Tag: ford fusion
Just prior to Ford’s fuel economy ratings adjustment, I returned a brand new Fusion with a 1.5L Ecoboost engine. The last car I’ve driven with 1500 cc’s worth of displacement was my grandmother’s 2000 Civic, with its D-Series, single cam engine and 4-speed automatic. You would think that such a tiny engine would help Ford’s mid-sizer deliver solid fuel economy, but the best I could do was a mere 21 mpg in mixed driving.
Forget the Ford GT. Pay no attention to all the Shelby or Roush branded Mustangs. This car, the 2014 Ford Fusion Energi, is the true halo car for Ford. Homages to the 1960s are easy. People are willing to pay extra for an enormous engine, outrageous styling and instrumented-test bragging rights. On the other hand, a midsize sedan propelled by technology with more computing power than all the slide rules in the Apollo program and sold for a price that’s less expensive than a year of tuition at many colleges is extremely hard.
The 2014 Fusion Energi is their moonshot.
I have a question about fleet cars. I was driving to a meeting in one of the fleet cars my employer has. Nothing special, a late model Ford Fusion . And I was thinking is this a better deal to buy when they get rid of it than another used car? Then I realized that people who use a car that doesn’t belong to them trash it. So I thought, “No way!”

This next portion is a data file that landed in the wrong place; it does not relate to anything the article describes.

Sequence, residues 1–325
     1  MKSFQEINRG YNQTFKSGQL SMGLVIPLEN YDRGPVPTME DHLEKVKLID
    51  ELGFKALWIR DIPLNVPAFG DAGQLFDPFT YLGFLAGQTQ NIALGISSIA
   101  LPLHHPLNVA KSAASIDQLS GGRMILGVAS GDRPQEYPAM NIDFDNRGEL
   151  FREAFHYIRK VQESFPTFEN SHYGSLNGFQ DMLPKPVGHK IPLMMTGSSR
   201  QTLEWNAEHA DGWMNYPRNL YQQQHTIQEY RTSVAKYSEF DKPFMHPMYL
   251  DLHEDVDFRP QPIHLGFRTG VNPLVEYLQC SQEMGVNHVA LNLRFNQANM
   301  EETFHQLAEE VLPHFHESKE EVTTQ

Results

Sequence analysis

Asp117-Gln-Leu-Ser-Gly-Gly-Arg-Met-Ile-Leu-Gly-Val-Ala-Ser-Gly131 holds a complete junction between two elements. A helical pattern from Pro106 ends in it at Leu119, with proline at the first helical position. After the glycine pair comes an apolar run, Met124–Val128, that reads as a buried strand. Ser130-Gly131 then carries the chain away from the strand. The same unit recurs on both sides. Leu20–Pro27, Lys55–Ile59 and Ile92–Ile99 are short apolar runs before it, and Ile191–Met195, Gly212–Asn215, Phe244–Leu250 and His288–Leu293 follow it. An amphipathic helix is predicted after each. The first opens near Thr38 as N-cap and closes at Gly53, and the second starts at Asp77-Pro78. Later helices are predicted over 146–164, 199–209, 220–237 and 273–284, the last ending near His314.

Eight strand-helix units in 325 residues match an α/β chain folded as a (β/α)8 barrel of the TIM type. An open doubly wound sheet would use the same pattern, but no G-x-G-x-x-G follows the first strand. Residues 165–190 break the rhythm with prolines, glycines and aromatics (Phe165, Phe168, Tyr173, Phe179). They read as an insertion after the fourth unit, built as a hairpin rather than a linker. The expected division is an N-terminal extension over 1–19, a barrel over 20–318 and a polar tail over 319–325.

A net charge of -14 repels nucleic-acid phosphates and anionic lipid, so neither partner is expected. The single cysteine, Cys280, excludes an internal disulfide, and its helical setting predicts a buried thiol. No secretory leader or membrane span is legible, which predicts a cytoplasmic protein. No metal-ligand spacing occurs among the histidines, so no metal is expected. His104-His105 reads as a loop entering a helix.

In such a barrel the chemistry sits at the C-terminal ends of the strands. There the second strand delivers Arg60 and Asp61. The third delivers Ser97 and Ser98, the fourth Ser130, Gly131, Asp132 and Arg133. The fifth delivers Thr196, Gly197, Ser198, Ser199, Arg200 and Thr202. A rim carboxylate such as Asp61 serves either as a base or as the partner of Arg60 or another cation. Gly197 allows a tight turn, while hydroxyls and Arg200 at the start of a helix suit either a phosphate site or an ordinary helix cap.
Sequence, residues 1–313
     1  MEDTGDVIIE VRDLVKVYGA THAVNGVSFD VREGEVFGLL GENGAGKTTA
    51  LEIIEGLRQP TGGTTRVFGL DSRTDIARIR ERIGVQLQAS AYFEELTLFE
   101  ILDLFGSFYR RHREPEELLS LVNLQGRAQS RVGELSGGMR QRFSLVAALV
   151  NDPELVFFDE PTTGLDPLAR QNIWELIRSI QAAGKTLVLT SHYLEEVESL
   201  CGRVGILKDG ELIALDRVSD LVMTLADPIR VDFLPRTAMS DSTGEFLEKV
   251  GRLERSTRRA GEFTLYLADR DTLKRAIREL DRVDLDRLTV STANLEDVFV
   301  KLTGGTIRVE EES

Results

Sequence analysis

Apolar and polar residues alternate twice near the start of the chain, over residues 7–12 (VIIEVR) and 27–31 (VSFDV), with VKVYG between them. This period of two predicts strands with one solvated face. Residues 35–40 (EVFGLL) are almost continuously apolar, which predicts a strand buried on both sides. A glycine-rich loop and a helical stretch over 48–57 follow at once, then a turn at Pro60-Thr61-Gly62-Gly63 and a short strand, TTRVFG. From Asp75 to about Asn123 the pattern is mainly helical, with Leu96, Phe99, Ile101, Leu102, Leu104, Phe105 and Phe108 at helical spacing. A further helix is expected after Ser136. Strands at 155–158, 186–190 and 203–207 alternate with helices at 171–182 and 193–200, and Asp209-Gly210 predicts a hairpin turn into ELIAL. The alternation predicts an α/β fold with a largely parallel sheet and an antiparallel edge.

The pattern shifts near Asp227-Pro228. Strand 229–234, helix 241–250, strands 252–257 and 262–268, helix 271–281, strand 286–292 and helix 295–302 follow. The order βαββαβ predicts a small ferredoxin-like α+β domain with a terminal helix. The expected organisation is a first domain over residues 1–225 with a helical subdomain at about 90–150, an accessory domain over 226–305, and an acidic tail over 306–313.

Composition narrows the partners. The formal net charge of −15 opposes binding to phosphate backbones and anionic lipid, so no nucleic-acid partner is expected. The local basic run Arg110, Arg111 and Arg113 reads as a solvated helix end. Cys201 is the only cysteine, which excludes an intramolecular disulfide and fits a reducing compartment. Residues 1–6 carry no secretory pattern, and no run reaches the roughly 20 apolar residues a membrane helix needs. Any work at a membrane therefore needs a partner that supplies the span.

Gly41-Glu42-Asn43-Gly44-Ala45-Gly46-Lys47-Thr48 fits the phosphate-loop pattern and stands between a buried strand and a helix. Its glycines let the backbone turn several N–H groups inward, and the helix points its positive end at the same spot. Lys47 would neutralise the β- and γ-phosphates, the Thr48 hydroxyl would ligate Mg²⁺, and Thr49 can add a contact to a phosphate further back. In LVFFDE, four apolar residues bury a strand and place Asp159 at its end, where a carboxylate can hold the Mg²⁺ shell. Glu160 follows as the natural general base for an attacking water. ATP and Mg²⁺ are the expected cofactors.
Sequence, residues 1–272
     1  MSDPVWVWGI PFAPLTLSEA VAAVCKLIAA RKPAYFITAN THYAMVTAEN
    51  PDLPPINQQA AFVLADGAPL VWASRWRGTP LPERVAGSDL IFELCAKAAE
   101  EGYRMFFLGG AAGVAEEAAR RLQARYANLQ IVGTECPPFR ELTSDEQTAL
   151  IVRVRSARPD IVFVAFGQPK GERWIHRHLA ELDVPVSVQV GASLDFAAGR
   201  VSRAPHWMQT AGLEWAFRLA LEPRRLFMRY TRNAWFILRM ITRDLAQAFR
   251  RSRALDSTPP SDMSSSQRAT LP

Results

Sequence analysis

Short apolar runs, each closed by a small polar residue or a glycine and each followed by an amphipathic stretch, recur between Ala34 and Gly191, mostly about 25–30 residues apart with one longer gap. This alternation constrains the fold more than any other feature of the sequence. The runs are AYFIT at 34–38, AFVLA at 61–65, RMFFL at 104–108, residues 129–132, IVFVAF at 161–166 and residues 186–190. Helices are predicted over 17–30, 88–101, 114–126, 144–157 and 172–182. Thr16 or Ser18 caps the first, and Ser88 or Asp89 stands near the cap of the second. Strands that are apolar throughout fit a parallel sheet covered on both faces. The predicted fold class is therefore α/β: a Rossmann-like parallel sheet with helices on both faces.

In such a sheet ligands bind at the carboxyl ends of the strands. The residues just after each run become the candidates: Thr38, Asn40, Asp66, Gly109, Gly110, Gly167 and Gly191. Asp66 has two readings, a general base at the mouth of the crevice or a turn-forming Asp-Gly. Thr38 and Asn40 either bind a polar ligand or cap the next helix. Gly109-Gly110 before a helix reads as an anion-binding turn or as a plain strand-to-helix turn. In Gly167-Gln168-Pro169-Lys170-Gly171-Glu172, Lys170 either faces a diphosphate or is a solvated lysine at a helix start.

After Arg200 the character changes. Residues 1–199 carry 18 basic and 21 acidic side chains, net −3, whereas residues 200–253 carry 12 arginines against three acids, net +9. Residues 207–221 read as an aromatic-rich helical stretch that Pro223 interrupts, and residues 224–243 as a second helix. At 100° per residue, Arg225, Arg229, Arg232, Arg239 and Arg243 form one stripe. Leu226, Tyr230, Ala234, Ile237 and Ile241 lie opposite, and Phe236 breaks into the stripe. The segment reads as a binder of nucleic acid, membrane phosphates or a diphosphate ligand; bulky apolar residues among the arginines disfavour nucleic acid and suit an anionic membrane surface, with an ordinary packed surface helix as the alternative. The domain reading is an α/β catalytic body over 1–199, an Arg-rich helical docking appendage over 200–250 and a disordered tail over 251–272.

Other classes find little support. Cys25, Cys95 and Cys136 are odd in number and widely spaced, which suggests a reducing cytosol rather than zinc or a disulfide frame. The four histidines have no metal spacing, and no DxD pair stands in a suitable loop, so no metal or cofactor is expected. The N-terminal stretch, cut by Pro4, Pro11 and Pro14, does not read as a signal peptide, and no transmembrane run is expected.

Then I realized that the same people who don’t take care of it, aren’t the same people who maintain it. So are fleet cars a better deal then non fleet on the market? After giving them a good cleaning does it not matter one way or the other all other things being the same?
By stealing the Toyota Camry’s best-selling midsize car crown, albeit likely on a temporary basis, the Nissan Altima ended February 2014 as America’s best-selling car overall. The Altima’s lead was also substantial enough last month to make the midsize Nissan America’s leading car year-to-date.
Two years ago, I sat here pontificating about the 2012 Ford Fusion and its potential to be a “game changer” in the mid-size sedan market. Without any kind of concrete claim, it’s difficult for me to gloat about the accuracy of my claim, or for you, the B&B, to mock me for my over-exuberance (ok, it’s not). But this year, I’ve got something better: a prediction market of sorts, for the automotive industry. And it’s open to everyone.
In August, Ford Motor Company started production of their mid-sized Fusion sedan at its Flat Rock, Michigan assembly plant, supplementing production in Mexico to keep up with demand.
Meet Chris. Chris is a good friend of mine and a disgustingly handsome and successful young man. He’s 28 years old, has a mid six-figure job, lives in a swanky suburb of Boston, and dates a model who also happens to race motorcycles. Oh, and he also owns a 2013 Shelby GT500. Feel free to start hating him… now. Unfortunately, Chris is impossible to hate. He’s a genuinely good dude who comes from a long line of car guys. His family owned a Ford dealership for decades, and as a result, he’s a self-proclaimed Ford fan.
So when he received a promotion at work that caused him to start driving a lot more than he had previously, Chris did something sensible. He parked the GT500 in his garage and bought a Fusion on D-plan.
But it wasn’t just any Fusion.
With the Flat Rock assembly plant on the cusp of sending cars to dealerships, the Ford Fusion could potentially sell 300,000 units this year, becoming the first car nameplate from Ford to cross that mark in a decade. But to catch the best-selling Toyota Camry, Ford will have to have capacity for 400,000 units – something that could happen as early as 2014.